Noisy Warm Front. Warm, sticky air surging northward will set the stage for "ROF" (ring of fire) T-storms bubbling up, best chance late afternoon into the nighttime hours - along the northern edge of the advancing hot front. Waves of showers and T-storms are likely fromt he Plains eastward through the Ohio Valley and Mid Atlantic region. NAM model animation courtesy of NOAA ARL.

 

Welcome Rain. The latest QPF (quantitative precipitation forecast) pinpoints the heaviest rains from Kansas City to the Quad Cities and Madison (2-4" amounts). South Florida may pick up 5-8" amounts, with 2-3"+ for the Pacific Northwest. A 1.5" bullseye shows up over the Minnesota Arrowhead. I hope the models are right. Map courtesy of NOAA HPC.

 

5 Days Above 70 This Week? The "correction" is over. Good riddance to our late April "relapse". We had to pay a price for record March warmth, and we have (3 episodes of frost in the last 2-3 weeks, a touch of sleet and snow Saturday morning). That's in our rear-view mirror now, the ECMWF (European) model hinting at 5 days of 70s this week, maybe an 80-degree high Tuesday or Wednesday.

 

Like Flipping On A Switch. And to think I was cleaning out my storage locker in a heavy leather jacket and gloves Saturday morning. I hope to dig out my (short) shorts and annoy the neighbors by tomorrow as highs climb toward 80. A slight cooling trend is possible by the weekend, if you call 60s to near 70 a cooling trend.

 

Putting Another Dent In Our Drought? As a strong warm front approaches from the south showers and T-storms will sweep across Minnesota, the best chance of welcome rain late Tuesday, late Wednesday, again Thursday night. The timing is tricky, but at least one model (18z NAM) is hinting at nearly 2" of rain by Friday morning.

 

Probably Safe To Plant Annuals. If you're smart you'll still wait until after Mother's Day to plant those prize-winning tomatoes. But if you have an urge to get out and work the dirt next weekend you'll probably be OK. The risk of another metro frost is probably less than 1 in 5, maybe 1 in 10. The GFS is showing lows in the mid 30s around May 10, which may be the last episode of chilly readings in May. Then again the way 2012 is zigging and zagging from one extreme to the next, all bets are off.

 

Frost - Hard Freeze Warnings. Are you sure May is right around the corner? You'd never know it in upstate New York, where Hard Freeze Warnings are posted early this morning. Latest watches, warnings and advisories from NOAA here.

 

Joplin And Tuscaloosa Becomes Sister Cities Of Destruction. Here's an excerpt of a story at tuscaloosanews.com: "JOPLIN, Mo. | Twenty-three days and 28 minutes after Tuscaloosa’s 90,468 residents experienced one of the worst natural disasters Alabama has ever seen, a city approximately 600 miles away was struck by one of the deadliest — and, statistically, the costliest — tornadoes in American history. The EF5 tornado tore a 13-mile gash through Joplin, Mo., at approximately 5:41 p.m. on May 22, 2011. It claimed 161 lives, and the cost to rebuild this Midwestern city of 50,175 is expected to reach $3 billion."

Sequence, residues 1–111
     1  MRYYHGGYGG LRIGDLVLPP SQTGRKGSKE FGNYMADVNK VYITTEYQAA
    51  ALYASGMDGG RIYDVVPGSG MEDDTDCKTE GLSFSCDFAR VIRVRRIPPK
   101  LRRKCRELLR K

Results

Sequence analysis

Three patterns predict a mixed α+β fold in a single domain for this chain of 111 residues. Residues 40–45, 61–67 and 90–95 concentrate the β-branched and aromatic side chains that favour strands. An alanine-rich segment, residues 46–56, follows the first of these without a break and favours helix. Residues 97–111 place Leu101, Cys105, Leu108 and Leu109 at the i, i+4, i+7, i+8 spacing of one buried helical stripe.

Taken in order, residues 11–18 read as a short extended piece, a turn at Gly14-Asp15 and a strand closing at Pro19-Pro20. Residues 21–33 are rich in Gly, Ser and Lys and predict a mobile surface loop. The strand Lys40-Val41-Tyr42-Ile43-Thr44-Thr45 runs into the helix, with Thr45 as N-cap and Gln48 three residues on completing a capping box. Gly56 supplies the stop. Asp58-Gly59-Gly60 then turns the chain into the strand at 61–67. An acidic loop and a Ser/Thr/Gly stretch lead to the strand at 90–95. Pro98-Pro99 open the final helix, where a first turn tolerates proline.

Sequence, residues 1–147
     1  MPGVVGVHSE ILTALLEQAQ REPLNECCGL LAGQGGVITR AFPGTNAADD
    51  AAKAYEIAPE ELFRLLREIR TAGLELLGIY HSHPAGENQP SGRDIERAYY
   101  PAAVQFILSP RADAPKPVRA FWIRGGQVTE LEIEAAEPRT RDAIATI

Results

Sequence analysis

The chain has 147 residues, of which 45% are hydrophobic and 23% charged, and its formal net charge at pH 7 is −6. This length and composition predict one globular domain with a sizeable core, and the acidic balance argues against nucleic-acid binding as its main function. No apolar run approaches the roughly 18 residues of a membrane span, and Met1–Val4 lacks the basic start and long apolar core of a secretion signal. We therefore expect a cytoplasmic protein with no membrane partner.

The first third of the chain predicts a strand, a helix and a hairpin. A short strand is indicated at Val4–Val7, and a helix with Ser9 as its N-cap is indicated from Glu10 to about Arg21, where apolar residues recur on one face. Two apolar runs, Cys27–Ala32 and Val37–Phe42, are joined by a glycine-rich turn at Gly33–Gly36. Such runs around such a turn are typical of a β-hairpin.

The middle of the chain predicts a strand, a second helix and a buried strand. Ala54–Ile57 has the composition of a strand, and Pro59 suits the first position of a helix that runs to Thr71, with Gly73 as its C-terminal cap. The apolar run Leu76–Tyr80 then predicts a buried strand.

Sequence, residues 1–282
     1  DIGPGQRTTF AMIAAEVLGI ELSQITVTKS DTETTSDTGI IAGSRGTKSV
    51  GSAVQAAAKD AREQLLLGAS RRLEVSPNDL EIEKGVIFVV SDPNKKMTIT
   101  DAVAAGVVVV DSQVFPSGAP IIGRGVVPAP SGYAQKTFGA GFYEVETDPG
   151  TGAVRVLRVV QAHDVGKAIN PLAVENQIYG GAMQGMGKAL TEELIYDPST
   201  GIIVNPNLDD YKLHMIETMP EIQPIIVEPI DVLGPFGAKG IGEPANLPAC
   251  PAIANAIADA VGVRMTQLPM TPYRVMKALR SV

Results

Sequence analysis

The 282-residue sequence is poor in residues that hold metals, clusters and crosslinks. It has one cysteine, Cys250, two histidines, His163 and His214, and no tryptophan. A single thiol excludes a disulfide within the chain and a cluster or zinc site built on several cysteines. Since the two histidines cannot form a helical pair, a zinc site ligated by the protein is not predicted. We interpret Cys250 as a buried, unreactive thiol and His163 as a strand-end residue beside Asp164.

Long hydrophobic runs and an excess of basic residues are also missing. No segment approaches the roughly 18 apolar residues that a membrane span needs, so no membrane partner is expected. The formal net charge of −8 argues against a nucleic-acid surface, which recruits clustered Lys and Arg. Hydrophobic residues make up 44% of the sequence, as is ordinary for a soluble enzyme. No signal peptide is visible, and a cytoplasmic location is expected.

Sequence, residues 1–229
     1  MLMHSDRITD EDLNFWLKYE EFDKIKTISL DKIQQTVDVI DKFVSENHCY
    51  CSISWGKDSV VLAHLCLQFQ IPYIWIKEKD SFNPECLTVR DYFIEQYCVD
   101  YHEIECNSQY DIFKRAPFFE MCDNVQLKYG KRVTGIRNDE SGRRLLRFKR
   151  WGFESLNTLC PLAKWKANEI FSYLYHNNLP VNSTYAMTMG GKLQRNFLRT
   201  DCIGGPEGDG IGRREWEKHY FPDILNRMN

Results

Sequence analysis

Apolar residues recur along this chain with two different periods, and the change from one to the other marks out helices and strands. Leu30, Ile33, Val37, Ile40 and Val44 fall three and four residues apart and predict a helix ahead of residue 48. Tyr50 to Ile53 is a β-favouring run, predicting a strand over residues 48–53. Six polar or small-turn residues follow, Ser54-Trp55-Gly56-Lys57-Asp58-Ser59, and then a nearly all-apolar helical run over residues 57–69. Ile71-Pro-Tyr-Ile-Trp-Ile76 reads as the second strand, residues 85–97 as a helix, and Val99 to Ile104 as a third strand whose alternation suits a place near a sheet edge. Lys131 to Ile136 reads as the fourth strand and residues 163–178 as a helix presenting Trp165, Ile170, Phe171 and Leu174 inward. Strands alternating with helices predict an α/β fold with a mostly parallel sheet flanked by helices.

Photo credit above: "Demolition of Joplin High School was underway in early March. After an EF5 tornado struck this Midwestern city on May 22, 2011, duct tape was added to the remaining letters of the school’s sign to read “HOPE.” The tornado destroyed four schools and damaged five, but the schools worked to offer summer school classes the following month and have the school year start on Aug. 17. Jason Morton | Tuscaloosa news."

 

New Hazard On The Horizon: Amateur Storm Chasers. I had a hunch this would eventually happen. The movie "Twister" launched the current craze - showing video of tornadoes on local TV and national networks accelerated the "storm-chasing hobby". NPR has a story about the implications and dangers of traffic jams of storm chasers clogging highways in the danger zone; here's an excerpt: "When more than 100 tornadoes raked the Great Plains a couple of weeks ago, emergency responders ran headlong into a growing phenomenon: roads bottled up by swarms of tornado chasers. On a sunny day in tiny Solomon, Kan., it's hard to imagine anything stirring the place up. A car eases past every so often, but two weeks ago, a powerful tornado was plowing through the countryside. One road was jammed — and dangerous. "You couldn't get onto this road for the traffic, and someone was in the southbound lane passing everybody at a high rate of speed," says Chancy Smith, who coordinates emergency response in Dickinson County. Tracking the tornado, sounding the alarm, and helping the victims is his responsibility."

Photo credit above: Matt Piechota /YouTube. "Emergency responders are running headlong into a growing phenomenon: roads bottled up by swarms of tornado chasers."

 

Photo of The Day: "Shelf Cloud". From the NWS office in Springfield, Missouri: "Look at this Shelf Cloud just taken outside our office this morning about 8 am. It will be a wet and stormy Sunday across the Ozarks."

 

Opinion: Not Ready For An Electric Car? Get An Electric Scooter. Here's an excerpt of an intriguing article from digitaltrends.com: "Until charging stations dot the country, electric scooters make more sense than electric cars. Here’s why – and a look at what might be one of the most unique and practical models yet. Last week I was at Dell’s Annual Analyst Conference, but the product at the event I most wanted wasn’t a desktop, laptop, a tablet or even a smartphone. It was a scooter. It turns out that Dell had actually helped create Current Motor’s electric Super Scooter. What makes this particular scooter unique is that it both uses a hub motor, and was designed to use vehicle wraps instead of paint. That last point is something that I think the car industry will eventually adapt as well."

 

My Faith: What Does God Sound Like? Here's a snippet of a thought-provoking story from CNN's Religion Blog: "I hear the audible voice of God. No, not in the same way that the Bible’s Eve did when God asked her outright and out loud: “Woman, what in my name have you done now?” Scriptures don’t tell us specifically, but I suspect at that particular moment in eternity God must have sounded a lot like Perry Mason: “C’mon, tell the truth. You know I’m a specialist on getting people out of trouble.” Bestselling author Patti Callahan Henry is a pastor’s daughter in Alabama. You’d think if God spoke to anybody, it would be a pastor’s child, but Patti swears she has never heard the voice of God. The only time God speaks to her is through the written word. I find that odd since God talks to me all the time."